To begin with, we had to read and make notes on Jean Baudrillard’s “Simulacra and Simulations”.
I found this quite a difficult text to understand as it was quite short and there wasn’t much to get in to. I then went a did some further reading on the subject to gain a better understanding.
The overall theme is that there was a time when copies (or models) of reality were made based on the real however over time the copy and the real deteriorated in different ways which caused confusion between the two. In the present day, it seems that models are created without any basis in reality and what we perceive as real is actually the model. Baudrillard makes this point by saying “the territory no longer precedes the map”. The way in which this works within media is that the “creators” make up a perceived reality. In this reality, there are blurred lines between what we need to survive and things where a need has been created. For example we need staple foods such as bread, fruit and vegetables however a need has been created for foods such as fast food and chocolate. Throughout my reading, I continually came back to “reality shows” such as Keeping up with the Kardashians and I’m a celebrity, both are supposed to show us the people’s day-to-day lives, however the producers regularly edited scenes to make them more entertaining and grip the viewers.
We were then asked to watch Ridley Scott’s Blade Runner, making notes in order to conclude whether or not Deckard is a human or a replicant.
When I discussed watching the film with my husband, he was determined to watch it with me as he quite enjoyed it. However, he told me that he could never decide whether the character was human or replicant.
When we first started to watch the film, I had a number of questions about which characters were replicants and which were humans. My husband then told me to assume that everyone was human and the replicants needed to be picked. This made me wonder, shouldn’t it be the other way around? I then watched the film from the view that you should assume everyone is replicant and to find the humans. By doing this, I started to look for replicant “traits” and human “traits” in order to draw my conclusion.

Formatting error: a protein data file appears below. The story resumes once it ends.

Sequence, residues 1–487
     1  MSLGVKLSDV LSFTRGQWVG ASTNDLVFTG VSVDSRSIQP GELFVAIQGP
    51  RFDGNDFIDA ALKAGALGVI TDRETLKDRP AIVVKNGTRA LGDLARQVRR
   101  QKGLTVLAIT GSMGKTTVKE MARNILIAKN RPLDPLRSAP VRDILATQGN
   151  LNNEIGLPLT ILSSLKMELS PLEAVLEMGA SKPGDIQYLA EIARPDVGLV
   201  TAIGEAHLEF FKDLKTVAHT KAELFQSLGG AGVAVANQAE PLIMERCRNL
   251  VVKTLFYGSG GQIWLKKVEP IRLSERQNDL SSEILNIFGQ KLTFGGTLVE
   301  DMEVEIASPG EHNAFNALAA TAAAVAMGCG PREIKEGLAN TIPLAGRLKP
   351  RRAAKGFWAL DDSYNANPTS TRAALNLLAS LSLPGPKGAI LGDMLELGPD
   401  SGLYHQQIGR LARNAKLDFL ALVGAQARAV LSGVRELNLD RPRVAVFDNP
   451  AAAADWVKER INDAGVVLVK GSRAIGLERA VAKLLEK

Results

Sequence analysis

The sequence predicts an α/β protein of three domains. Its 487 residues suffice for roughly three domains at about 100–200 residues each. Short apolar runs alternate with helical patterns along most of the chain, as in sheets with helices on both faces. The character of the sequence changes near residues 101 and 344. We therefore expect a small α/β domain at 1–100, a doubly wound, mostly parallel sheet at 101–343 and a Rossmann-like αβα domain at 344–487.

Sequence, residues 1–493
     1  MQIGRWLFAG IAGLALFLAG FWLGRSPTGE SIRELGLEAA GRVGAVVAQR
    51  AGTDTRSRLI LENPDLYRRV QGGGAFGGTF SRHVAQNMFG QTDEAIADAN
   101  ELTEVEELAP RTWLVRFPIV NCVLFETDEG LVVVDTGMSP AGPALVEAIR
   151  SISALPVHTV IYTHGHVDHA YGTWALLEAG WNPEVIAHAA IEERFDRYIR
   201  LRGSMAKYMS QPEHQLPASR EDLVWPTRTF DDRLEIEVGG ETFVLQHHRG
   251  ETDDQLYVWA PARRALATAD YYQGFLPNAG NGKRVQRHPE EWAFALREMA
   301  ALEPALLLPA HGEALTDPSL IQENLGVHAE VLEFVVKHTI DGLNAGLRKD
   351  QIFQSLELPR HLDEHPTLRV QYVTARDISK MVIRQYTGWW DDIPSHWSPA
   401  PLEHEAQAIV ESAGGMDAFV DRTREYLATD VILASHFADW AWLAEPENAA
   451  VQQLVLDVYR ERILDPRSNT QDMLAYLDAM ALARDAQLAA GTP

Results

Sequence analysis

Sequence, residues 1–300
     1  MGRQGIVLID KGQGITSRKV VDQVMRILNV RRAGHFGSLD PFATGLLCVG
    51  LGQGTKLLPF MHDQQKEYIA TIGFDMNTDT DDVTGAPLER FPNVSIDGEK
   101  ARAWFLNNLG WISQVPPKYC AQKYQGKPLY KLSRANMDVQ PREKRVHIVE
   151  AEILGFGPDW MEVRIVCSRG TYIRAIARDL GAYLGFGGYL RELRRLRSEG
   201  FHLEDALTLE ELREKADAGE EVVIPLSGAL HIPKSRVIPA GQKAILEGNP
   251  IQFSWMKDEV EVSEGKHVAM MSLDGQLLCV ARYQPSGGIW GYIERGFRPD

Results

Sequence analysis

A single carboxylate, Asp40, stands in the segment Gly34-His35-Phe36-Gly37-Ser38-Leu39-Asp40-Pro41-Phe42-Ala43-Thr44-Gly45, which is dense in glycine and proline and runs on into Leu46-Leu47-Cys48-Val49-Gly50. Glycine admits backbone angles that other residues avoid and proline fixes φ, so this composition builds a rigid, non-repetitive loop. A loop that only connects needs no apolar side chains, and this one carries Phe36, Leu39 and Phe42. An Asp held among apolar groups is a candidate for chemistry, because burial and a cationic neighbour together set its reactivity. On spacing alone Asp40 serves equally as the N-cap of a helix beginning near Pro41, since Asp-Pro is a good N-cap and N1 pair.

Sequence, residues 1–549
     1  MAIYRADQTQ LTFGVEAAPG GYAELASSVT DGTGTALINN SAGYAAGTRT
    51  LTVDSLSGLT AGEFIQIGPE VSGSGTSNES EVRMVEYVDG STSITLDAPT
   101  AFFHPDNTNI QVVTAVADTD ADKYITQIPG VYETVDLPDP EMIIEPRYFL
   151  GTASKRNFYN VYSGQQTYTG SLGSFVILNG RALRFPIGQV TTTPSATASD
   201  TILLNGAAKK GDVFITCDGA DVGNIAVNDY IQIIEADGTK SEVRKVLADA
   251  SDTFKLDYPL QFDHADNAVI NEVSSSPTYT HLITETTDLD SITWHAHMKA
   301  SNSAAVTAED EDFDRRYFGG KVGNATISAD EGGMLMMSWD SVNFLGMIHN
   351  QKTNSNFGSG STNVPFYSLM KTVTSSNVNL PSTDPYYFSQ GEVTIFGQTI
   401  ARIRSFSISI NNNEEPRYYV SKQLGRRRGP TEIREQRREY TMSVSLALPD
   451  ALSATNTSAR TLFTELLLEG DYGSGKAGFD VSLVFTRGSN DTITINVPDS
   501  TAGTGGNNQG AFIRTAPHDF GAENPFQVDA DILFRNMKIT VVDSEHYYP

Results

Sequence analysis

The human traits I found were
- they ate and drank
- they tired and required rest/sleep
- they showed emotion such as crying and pain
- had sexual desires
- weak and fragile- in one scene Roy (a replicant) gouges out Dr Eldon Tyrell’s (a human) eyes out and then crushes his skull
- have memories that do not necessarily require prompts such as photos.
- choose their own paths in life and develop various skills.
The replicant traits I found were
- they often stare, are wide-eyed and don’t know where to look
- can’t or find it hard to show emotion
- doesn’t understand certain things like animals. In the opening scene Leon asks Dave (who is testing him) to describe a tortoise
- are programmed to do certain things i.e. a particular job but their skill base does not go much further.
- During Rachel’s test she gives snap and sometimes unusual answers to the questions asked.
- have no concept of hot and cold
- all the replicants have a small selection of photos which help them to create memories. They also seem to be quite desperate to keep hold of them, it is almost an unhealthy obsession.
- they do not require food, drink or rest
- they don’t feel pain
- superhuman strength, able to crush bones
- have a lifespan of 4-5 years, after which they “retire” and are discarded.
- seem stiff, robotic like